CARBIOS Announces the Publication of an Article on its Enzymatic Reycling Technology in the Prestigious Scientific Journal Nature

This publication outlines Company’s proprietary process for converting plastic waste into new bottles – a breakthrough towards a circular economy.

CARBIOS (Euronext Growth Paris: ALCRB), a company pioneering new bio-industrial solutions to reinvent the lifecycle of plastic and textile polymers, announces the publication of an article in the prestigious scientific journal Nature, entitled “An engineered PET-depolymerase to break down and recycle plastic bottles”. The article is co-authored by scientists at Carbios and at the Company’s renowned academic partner, the Toulouse Biotechnology Institute [A mixed research unit INSA Toulouse, INRAE, CNRS] (TBI).

The article describes the development of a novel enzyme, which can biologically depolymerize all polyethylene terephthalate (PET) plastic waste, followed by an extremely efficient recycling into new bottles. PET is the most common thermoplastic polymer and is used to manufacture bottles, polyester clothing fibers, food containers, and various thermoformed packaging and components. Carbios’ recycling process, the first of its kind, initiates a real transition to a circular economy and can better prevent plastic pollution from harming our oceans and planet. This innovative technology also paves the way for recycling PET fibers, another major challenge in guaranteeing a clean and protected environment for future generations.

Prof. Alain Marty, Carbios’ Chief Scientific Officer and co-author of the Nature article says: “I am very proud that Nature, one of the most highly respected scientific journals in the world, has validated the quality of the research led by Carbios and TBI laboratory scientists in developing a PET recycling enzyme and a revolutionary process. The results obtained confirm the industrial and commercial potential of the Company’s proprietary process, which will be tested in 2021 in our demonstration plant in the heart of the French Chemical Valley, near Lyon.”

Sophie Duquesne, INRAE Researcher: “For any researcher, seeing its work recognized by the prestigious journal Nature is a true achievement. I am very proud of the work accomplished by the researchers at TBI and Carbios, whose collaborative efforts have led to the development of a sustainable solution to the end of life of plastics.”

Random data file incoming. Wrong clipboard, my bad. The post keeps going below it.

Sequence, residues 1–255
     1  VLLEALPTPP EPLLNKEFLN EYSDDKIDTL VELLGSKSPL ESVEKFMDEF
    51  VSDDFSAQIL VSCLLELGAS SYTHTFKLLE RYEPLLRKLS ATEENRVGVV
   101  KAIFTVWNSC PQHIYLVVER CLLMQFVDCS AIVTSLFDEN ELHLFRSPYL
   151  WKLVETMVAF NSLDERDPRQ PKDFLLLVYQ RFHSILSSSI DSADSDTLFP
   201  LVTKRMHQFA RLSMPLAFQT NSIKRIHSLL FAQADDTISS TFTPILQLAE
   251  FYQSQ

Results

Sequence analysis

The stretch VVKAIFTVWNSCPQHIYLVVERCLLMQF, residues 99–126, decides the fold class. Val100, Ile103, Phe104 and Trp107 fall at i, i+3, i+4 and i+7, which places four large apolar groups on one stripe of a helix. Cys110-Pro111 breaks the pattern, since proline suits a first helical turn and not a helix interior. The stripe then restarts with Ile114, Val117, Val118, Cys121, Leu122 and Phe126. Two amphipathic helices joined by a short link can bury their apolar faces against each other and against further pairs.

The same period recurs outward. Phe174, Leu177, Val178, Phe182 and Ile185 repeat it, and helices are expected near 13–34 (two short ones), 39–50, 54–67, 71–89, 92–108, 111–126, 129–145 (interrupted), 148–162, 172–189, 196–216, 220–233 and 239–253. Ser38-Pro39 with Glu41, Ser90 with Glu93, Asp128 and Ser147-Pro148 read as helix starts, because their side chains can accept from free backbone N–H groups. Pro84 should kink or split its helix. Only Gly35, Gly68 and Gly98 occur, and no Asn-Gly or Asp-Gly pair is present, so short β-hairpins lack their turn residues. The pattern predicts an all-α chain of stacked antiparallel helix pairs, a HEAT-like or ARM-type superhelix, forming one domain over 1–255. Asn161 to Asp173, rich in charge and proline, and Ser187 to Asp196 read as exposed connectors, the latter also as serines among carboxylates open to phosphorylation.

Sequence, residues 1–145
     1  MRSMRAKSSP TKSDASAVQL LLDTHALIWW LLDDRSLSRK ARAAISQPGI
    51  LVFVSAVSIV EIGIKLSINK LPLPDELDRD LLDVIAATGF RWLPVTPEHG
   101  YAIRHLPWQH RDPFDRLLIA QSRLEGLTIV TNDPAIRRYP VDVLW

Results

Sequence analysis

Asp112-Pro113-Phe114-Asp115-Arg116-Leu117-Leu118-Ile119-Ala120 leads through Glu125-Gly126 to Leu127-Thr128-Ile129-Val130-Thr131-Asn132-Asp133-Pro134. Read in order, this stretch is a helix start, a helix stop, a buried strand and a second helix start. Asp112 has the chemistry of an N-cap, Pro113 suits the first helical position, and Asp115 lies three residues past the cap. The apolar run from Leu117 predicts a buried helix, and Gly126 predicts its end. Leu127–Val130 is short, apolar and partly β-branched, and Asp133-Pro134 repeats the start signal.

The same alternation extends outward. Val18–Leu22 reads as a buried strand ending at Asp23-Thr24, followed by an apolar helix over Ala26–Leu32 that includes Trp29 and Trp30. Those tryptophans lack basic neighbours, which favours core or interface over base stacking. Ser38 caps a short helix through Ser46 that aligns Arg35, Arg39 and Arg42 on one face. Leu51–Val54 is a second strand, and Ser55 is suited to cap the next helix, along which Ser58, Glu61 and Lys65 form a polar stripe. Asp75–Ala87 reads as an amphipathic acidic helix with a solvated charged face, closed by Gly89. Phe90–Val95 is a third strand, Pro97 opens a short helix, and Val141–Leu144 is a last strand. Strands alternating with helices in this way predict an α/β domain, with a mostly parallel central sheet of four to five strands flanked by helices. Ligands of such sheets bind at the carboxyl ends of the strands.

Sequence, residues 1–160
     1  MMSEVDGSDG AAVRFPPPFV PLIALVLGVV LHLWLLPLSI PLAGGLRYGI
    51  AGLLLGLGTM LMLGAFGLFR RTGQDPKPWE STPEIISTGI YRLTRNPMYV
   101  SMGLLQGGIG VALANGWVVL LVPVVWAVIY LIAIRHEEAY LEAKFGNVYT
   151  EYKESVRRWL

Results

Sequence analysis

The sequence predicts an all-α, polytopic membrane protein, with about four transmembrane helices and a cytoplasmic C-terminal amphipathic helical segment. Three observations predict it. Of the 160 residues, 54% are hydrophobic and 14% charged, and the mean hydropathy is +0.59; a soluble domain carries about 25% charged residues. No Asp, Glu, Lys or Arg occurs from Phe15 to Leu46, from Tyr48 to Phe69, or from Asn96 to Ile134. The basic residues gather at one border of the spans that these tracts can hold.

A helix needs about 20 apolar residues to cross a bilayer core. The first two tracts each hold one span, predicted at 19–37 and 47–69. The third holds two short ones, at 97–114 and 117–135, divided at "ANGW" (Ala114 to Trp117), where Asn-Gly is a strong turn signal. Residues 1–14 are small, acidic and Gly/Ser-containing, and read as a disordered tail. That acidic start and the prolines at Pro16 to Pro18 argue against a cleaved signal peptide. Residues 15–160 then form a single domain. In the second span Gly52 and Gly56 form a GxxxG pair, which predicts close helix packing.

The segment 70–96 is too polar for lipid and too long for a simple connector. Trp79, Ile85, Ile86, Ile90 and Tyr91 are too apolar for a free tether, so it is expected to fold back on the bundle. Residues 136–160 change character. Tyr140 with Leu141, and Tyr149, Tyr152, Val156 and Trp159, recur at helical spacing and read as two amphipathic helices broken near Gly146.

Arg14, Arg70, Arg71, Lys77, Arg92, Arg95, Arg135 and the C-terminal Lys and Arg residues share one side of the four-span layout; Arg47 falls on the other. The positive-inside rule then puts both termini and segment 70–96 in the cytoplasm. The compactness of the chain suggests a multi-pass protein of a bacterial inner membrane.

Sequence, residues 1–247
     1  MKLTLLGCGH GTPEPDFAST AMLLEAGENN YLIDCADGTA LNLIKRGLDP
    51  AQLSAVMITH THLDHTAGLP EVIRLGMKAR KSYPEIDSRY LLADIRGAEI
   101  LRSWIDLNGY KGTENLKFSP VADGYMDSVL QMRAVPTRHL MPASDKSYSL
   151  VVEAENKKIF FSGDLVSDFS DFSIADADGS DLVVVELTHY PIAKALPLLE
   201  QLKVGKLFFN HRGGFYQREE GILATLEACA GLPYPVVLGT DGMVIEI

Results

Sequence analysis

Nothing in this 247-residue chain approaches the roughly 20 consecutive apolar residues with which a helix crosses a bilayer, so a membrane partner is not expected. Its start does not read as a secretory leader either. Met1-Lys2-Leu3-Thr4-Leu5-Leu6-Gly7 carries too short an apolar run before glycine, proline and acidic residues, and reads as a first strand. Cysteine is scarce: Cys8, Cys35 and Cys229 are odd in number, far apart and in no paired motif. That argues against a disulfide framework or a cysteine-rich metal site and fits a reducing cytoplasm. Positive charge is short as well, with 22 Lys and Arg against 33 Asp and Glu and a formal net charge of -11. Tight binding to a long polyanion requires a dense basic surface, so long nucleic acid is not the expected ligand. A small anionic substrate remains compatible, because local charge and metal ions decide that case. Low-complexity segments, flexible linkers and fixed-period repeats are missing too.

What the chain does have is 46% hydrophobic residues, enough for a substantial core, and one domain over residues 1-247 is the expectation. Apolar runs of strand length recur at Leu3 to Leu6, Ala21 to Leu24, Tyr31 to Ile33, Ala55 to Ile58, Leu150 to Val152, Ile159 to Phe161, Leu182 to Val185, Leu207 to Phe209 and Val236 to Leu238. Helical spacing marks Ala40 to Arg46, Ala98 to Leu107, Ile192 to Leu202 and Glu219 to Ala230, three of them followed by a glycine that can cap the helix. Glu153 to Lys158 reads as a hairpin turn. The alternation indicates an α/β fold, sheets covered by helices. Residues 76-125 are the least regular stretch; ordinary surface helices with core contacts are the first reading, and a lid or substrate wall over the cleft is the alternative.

Dr. Saleh Jabarin, Distinguished Professor at The University of Toledo, Ohio and a member of Carbios’ Scientific Committee: “It’s a real breakthrough in the recycling and manufacturing of PET. Thanks to the innovative technology developed by Carbios, the PET industry will become truly circular, which is the goal for all players in this industry, especially brand-owners, PET producers and our civilization as a whole.”

Bertrand Piccard, Founder and President of the Solar Impulse Foundation: “I am very pleased that the scientific community recognizes one of the solutions labelled by the Solar Impulse Foundation as a financially profitable solution to protect the environment. The use of such technology is as logical as it is ecological!”

Nature, the highest Impact Factor scientific journal, recognizes the ground-breaking quality of the enzymatic engineering research being done by Carbios and TBI, that is paving the way to virtuous management of plastic waste. “Carbios is the first company to successfully combine the two scientific worlds of enzymology and plastics”, as Dr. Philippe Pouletty, CEO of Truffle Capital and Co-founder of Carbios, comments.

By leveraging many years of experience with a world-renowned team, Carbios and TBI are proud to have been able to increase the degradation yield of PET waste to 90% in 10 hours, a significant upswing from the initial degradation yield of 1% after several weeks. This paradigm shift in how effectively PET can be recycled, is leading toward a future circular economy technology applicable to all PET waste, which Carbios is proud to be spearheading.

Source: CARBIOS, press release, 08.04.2020

Publication: https://www.nature.com/article...

CC0, symbolic picture; pixabay.com